October 22, 2013


Supply chain is the term used to define the system of organizations, assets and activities involved in the conversion of raw materials into finished products and moving the product or service from the supplier to the customer. Supply Chain Management (SCM) is defined as the efficient integration of warehousing, manufacturing, logistics and distribution. In lay mans’ terms, SCM is ensuring that materials are available at the correct point in the correct amount at the correct time.

The primary objective of SCM is to minimize the costs involved the sourcing, warehousing, logistics and distribution.
The major obstacles in SCM are:
  • Purchasing
    • Unstable volume requirements.
    • Delivery schedule.
    • Large volumes.
  • Manufacturing
    • Production cost.
    • Quality requirements.
    • High productivity.
  • Warehousing
    • Optimized inventory management.
    • Transportation management.
    • Quick replenishment capability.
  • Customer delivery
    • Diverse product portfolio.
    • Reduced backorders and lead time.
    • Bullwhip effect.

As understandable, traditional methods of demand forecasting, vendor rating, procurement ordering takes a lot of time and effort. In today’s proactive and competitive world and delay in demand orders are inventory management can add to the bullwhip effect resulting in loss of money and efficiency. In a cost sensitive market this difference can result in the final product cost thus making the product dearer to the customer and can therefore influence the profit margins.

One of the major advancements in terms of SCM is Enterprise Resource Planning (ERP). This automated software which helps in streamlining the supply chain operations and also holds the records and data at a central repository so as to ease retrieving the data. The limitation of ERP is the requirement of the software and the compatibility and hence it is used largely within an organization and does not link suppliers to the customers.


Electronic-commerce or e-commerce is the practice of conducting business over electronic platforms like the internet. This involves buying or selling of commodities or services without having a retail outlet for the same as transactions are carried over the electronic platform.

The economic impact of electronic commerce in the business-to-business sector has been estimated to be approximately six times larger than the business-to-consumer sector, and to reach US$1.3 trillion by 2003 (BusinessWeek,2000). The total market size of the Internet’s commercial potential in business-to-business markets is expected to grow and rival well-established sectors such as energy, car manufacturing, and telecommunications (Internet Indicators, 1999).


An e-marketplace is an internet location owned by a company or consortium which allows other companies or individuals to get new suppliers or buyers for their products as well as develop trading networks which makes the process of negotiating, settlement and delivery easier and efficient. A site is termed as an e-marketplace when it caters to multiple buyers and sellers by providing commerce related functionalities like auctioning (forward or reverse), catalogues, ordering, wanted-advertisement, trading exchange functionality and capabilities like RFQ, RFI or RFP.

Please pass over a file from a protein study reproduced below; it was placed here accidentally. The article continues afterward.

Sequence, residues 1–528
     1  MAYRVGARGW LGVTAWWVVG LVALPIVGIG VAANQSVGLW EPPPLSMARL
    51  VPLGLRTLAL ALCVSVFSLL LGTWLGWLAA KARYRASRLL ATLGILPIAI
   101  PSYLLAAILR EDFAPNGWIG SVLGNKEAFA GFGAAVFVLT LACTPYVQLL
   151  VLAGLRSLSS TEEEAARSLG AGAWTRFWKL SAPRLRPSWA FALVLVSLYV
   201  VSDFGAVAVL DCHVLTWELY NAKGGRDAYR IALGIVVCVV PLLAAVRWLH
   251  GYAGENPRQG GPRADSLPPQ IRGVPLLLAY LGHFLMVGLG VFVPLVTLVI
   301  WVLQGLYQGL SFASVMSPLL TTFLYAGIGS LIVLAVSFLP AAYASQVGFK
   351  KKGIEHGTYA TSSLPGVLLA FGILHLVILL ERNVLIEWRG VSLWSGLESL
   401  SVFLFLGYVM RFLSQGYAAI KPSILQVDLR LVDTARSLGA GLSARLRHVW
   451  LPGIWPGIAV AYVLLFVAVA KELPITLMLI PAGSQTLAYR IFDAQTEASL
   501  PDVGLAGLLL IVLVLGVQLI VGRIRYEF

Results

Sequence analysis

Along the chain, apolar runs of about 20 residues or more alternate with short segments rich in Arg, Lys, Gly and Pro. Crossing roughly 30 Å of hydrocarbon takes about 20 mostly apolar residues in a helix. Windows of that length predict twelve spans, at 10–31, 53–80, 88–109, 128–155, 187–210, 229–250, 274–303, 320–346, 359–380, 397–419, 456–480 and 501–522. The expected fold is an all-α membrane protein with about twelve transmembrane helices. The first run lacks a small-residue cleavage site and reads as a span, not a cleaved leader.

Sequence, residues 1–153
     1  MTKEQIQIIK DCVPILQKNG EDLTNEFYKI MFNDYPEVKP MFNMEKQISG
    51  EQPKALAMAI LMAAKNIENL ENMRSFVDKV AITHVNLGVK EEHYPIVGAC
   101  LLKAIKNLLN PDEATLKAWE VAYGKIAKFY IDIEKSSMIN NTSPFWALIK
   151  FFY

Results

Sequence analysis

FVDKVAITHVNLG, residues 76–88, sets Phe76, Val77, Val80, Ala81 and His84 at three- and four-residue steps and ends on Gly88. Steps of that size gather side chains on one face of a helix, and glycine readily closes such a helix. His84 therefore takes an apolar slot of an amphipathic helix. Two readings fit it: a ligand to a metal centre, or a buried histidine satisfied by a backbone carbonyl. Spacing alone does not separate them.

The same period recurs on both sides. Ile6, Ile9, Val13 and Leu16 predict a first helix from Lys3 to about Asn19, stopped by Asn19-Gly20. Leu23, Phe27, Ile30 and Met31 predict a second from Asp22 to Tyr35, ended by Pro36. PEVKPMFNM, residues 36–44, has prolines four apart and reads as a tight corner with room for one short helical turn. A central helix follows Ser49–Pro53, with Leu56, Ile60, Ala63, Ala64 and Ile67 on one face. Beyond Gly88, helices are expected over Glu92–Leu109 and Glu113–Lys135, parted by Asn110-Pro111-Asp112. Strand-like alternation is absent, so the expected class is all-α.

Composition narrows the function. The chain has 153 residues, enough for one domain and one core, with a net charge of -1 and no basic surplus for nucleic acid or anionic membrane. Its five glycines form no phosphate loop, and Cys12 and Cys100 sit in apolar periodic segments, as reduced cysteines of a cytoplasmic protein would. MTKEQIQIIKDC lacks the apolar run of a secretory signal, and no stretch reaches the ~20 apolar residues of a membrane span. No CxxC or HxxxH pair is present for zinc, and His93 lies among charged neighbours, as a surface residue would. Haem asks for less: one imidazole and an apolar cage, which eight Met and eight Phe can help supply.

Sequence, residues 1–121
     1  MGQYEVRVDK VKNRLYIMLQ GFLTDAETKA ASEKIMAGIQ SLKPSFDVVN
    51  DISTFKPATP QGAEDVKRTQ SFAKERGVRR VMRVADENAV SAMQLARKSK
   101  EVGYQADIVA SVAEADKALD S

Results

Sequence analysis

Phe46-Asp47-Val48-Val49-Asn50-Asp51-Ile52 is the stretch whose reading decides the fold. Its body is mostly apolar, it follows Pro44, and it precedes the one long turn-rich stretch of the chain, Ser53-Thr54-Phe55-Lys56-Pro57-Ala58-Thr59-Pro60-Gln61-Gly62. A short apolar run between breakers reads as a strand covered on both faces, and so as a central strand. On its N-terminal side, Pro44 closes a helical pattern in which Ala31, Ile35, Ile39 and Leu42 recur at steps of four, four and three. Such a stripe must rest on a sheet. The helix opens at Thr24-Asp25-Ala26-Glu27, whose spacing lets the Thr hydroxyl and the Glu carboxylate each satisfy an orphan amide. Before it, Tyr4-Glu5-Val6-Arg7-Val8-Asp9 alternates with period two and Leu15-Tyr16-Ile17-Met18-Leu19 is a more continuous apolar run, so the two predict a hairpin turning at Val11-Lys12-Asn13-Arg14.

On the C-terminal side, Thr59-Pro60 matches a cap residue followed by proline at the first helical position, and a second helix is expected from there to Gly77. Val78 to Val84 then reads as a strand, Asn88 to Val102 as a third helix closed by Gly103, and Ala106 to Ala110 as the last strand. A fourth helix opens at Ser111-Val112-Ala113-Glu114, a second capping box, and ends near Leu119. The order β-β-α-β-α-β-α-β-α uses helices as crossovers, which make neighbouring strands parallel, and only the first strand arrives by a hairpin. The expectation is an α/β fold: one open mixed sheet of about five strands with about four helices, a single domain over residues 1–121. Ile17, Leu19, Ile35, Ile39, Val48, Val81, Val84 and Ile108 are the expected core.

Conceptually, the e-marketplace concept offers many advantages compared to traditional supply chain processes with real-time access to data. With the growth and popularity of e-commerce, attention has been devoted to understand the role of such IT marketplaces on strategic SCM like collaborative forecasting & planning. These e-marketplaces offer a much larger vendor vase to select form and there by enables the consumer to purchase the most optimum product form the most economical vendor.

The advancement of technology and the advent of platforms like World Wide Retail Exchange (WWER) and GlobalNetXchange (GNX), it is now possible to link the ERP of customers with that of the vendors. For ex – Traditional methods of procurement require an enterprise to request quotations from vendors analyze the prices and then place an order. E-marketplaces help reduce the time and effort taken to obtain quotations and also offer a much larger supplier base for the consumer to choose from. 

E-marketplaces also reduce the resources needed by a company. As most of the customer, retailer & vendor interfaces are taken care online, and logistics and distribution operations can be outsourced to specialized companies, the physical presence of an enterprise can be greatly reduced thus freeing up resources to concentrate on business plans and market penetration.

This article is written by Bhatath Arava who is a PGDM student of the 2013-15 batch of IIM Raipur. He holds a bachelors degree in Mechanical Engineering and has 3 years of work experience in IBM and MRF Tyres. He is very much interested in Automobiles and Motorsports. He can be reached at pgp13010.bharath@iimraipur.ac.in

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